89th American Meteorological Society Annual Meeting

Tuesday, 13 January 2009: 8:30 AM
Earth system science education through the Earth System Science Education Alliance
Room 125B (Phoenix Convention Center)
Michael R. Witiw, Embry-Riddle Aeronautical University, Worldwide, Everett, WA; and E. Close and R. J. Myers
Poster PDF (46.7 kB)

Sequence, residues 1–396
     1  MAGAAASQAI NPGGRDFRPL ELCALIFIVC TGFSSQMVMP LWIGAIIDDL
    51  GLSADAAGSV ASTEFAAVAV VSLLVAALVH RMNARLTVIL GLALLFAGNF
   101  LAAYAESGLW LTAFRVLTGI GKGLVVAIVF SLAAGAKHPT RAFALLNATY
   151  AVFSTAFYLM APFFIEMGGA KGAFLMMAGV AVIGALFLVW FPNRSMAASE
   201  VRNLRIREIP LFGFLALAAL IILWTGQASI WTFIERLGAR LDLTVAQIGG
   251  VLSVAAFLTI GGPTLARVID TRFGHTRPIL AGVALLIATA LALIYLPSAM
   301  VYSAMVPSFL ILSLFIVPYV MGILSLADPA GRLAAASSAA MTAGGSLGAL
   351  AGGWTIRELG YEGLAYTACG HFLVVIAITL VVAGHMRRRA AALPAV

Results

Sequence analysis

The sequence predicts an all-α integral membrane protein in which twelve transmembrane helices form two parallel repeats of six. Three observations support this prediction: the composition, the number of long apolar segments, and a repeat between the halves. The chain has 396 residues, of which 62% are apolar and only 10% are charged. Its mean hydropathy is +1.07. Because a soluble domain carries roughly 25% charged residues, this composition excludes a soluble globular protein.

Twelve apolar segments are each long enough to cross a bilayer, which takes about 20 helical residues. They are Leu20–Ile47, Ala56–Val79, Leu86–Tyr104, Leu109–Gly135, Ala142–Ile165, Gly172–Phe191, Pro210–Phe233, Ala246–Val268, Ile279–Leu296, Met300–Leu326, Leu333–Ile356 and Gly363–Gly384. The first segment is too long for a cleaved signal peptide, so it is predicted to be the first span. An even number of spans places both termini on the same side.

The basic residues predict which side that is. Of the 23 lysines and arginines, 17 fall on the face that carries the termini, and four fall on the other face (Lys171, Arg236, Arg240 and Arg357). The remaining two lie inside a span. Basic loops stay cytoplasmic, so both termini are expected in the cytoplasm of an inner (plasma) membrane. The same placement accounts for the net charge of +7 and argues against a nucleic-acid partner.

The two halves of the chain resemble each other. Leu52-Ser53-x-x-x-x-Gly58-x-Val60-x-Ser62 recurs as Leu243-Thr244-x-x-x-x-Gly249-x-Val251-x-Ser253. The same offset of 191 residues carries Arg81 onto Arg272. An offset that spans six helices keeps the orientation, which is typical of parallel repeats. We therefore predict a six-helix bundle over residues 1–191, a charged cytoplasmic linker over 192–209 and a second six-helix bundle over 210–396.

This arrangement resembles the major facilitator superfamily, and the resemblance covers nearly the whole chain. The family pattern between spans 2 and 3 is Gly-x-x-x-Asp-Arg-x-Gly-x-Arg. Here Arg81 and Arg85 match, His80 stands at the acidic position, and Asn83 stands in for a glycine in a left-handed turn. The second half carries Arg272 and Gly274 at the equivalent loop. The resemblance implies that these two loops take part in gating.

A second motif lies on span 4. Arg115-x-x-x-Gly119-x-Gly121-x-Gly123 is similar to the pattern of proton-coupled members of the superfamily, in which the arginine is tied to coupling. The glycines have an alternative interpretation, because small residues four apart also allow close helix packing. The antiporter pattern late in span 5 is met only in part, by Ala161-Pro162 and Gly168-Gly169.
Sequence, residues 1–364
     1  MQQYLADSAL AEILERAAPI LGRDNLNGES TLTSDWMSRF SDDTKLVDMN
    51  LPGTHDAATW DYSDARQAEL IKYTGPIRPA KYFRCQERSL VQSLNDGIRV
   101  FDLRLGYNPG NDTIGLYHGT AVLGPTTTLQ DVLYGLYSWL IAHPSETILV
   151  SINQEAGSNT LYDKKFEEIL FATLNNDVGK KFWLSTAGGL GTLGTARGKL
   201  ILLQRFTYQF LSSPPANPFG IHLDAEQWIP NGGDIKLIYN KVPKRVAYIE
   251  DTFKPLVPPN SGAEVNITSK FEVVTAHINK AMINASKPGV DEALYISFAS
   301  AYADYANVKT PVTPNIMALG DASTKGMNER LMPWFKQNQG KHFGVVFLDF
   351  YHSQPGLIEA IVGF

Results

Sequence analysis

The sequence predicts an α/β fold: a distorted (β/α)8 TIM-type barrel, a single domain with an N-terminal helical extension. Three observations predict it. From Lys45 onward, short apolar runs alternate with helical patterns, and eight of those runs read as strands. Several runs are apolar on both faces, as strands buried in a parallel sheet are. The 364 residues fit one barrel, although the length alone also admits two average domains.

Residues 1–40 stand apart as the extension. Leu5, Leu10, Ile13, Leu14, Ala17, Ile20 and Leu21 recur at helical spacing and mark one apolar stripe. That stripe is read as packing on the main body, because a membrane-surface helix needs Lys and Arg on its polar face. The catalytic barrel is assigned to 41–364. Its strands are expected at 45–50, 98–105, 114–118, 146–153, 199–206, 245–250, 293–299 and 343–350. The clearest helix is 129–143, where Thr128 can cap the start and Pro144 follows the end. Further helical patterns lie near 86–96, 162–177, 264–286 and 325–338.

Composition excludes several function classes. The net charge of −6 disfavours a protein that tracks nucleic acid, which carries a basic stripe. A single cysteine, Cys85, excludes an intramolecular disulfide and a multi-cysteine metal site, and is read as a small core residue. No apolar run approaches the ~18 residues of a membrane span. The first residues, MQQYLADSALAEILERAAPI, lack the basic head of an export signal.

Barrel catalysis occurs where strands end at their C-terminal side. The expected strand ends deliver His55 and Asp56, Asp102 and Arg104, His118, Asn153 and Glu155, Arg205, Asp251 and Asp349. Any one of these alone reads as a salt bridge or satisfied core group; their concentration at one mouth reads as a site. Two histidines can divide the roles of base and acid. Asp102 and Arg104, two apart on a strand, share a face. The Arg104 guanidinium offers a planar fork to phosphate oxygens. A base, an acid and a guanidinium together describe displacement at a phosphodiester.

The Earth System Science Education Alliance (ESSEA)is administered by the Institute for Global Environmental Strategies through a grant from the National Science Foundation. More than 40 universities are members of ESSEA and offer courses in Earth system science for teachers using ESSEA developed materials. ESSEA courses are problem-based, modular, and incorporate group learning. Each module is designed to take three weeks in a normal university semester. Over 20 modules are currently available, so courses can be built around a class's particular needs. A similar number of modules are under development or review. Stratospheric ozone, coral reefs and El Nino are among the modules available. Each module is divided into three cycles with four assignments to be completed for each module. Individual assignments include examining prior knowledge and developing a lesson plan, while group assignments include researching the topic and developing an Earth system science analysis. Each module is designed to show how events do not occur in isolation and consists of three cycles. In the first cycle, a teacher will begin by reading a scenario and then explore his or her own beliefs of what is happening in the Earth system, sharing these ideas with teammates. In cycle two, the teachers investigate the issue and build a knowledge base. In cycle three, the teachers build their own lesson plan based upon what they have learned. In the past year, two Earth system science courses for in-service teachers have been offered by Seattle Pacific University. Sixteen teachers have completed a course for either three or five graduate academic credits (quarter credits).In our first course, in addition to an introductory module that introduces the concepts of Earth system science analysis and problem-based learning (PBL), modules that were completed included Global Climate Change; Brazilian deforestation; Mount Pinatubo; and Earth system science data and analysis. Nearly 20 additional modules are under development.We had some attrition for our first course. Of 11 teachers who initially enrolled, eight completed the course. The main issue for those who did not complete the course appeared to be with the Internet technology. The program is funded through October, 2009.

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